A liquid biopsy test examining DNA circulating in the blood can help determine which men might benefit from PARP-inhibitors, the Guardian reports.
Researchers led by Johann de Bono from the Institute of Cancer Research and the Royal Marsden NHS Foundation Trust in London collected serial circulating free DNA samples from 46 participants of a phase II trial examining the use of the PARP inhibitor olaparib in metastatic prostate cancer. As they report in Cancer Discovery, de Bono and his colleagues noted a decrease in mutation allele frequencies in patients who responded to olaparib treatment as well as mutations that developed among patients who initially responded to therapy but then whose disease progressed.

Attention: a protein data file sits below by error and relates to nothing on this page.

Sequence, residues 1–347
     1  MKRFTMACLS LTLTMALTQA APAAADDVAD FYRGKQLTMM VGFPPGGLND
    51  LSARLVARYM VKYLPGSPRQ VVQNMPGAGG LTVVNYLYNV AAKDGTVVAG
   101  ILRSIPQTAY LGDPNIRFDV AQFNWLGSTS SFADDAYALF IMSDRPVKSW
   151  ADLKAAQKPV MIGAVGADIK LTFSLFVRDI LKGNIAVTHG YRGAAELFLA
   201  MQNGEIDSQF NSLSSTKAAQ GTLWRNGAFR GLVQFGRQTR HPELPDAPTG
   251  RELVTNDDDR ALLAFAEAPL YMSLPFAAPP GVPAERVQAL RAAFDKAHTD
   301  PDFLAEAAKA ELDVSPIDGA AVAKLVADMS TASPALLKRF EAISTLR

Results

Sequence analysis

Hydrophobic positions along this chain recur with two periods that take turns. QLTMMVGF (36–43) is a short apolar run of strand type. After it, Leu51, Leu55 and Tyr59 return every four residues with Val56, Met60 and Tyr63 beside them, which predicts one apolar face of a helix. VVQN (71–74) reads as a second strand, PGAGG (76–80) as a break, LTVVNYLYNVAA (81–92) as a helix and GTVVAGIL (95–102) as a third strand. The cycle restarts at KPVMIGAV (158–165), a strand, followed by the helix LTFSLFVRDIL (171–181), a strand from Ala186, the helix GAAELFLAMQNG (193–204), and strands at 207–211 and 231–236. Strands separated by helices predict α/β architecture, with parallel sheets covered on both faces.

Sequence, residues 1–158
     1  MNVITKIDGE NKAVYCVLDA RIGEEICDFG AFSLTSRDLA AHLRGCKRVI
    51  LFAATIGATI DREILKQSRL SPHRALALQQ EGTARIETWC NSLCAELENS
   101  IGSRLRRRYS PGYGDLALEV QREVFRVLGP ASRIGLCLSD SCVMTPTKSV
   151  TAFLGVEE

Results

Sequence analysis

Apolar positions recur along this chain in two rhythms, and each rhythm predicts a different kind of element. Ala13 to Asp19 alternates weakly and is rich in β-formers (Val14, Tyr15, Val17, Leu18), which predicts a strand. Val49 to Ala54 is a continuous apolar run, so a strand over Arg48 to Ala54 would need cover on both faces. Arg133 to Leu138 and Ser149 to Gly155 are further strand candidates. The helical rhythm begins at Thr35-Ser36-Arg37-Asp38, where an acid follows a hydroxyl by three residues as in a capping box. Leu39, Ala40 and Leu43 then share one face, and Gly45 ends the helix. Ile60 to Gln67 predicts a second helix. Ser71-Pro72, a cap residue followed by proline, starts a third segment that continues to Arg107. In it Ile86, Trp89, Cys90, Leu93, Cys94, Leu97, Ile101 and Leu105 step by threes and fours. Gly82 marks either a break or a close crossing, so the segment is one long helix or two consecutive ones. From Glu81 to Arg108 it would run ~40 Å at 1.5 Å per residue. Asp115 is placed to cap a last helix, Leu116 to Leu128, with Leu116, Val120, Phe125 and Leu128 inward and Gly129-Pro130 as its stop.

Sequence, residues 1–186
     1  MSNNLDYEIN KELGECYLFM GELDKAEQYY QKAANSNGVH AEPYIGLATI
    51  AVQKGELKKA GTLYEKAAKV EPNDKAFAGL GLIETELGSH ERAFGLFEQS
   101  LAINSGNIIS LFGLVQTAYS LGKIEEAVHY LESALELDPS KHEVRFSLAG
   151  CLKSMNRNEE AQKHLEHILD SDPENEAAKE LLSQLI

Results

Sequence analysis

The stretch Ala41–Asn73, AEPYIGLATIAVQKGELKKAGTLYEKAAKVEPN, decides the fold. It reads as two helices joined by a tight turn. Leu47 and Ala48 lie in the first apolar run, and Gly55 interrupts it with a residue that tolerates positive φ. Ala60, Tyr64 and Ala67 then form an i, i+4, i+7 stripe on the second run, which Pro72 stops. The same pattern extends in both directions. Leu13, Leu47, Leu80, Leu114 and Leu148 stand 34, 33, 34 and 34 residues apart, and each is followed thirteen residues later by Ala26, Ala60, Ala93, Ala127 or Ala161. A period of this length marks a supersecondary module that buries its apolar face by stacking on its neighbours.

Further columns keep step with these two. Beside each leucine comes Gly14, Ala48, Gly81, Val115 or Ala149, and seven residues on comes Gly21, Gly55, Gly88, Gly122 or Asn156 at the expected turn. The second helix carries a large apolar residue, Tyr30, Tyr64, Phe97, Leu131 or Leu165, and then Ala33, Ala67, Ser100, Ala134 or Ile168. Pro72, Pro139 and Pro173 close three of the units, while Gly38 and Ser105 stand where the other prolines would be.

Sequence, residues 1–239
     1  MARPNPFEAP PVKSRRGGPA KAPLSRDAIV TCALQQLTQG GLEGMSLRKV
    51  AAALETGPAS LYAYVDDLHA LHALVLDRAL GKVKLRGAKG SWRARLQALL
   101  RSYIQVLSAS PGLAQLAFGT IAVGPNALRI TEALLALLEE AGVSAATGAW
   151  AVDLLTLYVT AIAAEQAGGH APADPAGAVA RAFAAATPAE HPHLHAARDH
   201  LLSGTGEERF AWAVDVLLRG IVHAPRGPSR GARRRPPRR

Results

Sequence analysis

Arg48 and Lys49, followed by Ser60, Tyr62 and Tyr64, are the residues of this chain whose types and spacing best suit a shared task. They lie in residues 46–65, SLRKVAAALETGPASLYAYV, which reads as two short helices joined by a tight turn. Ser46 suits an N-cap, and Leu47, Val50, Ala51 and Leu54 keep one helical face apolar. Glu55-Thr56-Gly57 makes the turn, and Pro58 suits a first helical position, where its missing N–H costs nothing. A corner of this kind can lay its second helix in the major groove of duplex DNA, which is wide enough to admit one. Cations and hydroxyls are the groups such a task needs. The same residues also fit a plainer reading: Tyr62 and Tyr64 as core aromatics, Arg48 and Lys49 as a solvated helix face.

"From these findings, we were able to develop a powerful, three-in-one test that could in future be used to help doctors select treatment, check whether it is working, and monitor the cancer in the longer term," de Bono tells the Guardian. "We think it could be used to make clinical decisions about whether a PARP-inhibitor is working within as little as four to eight weeks of starting therapy."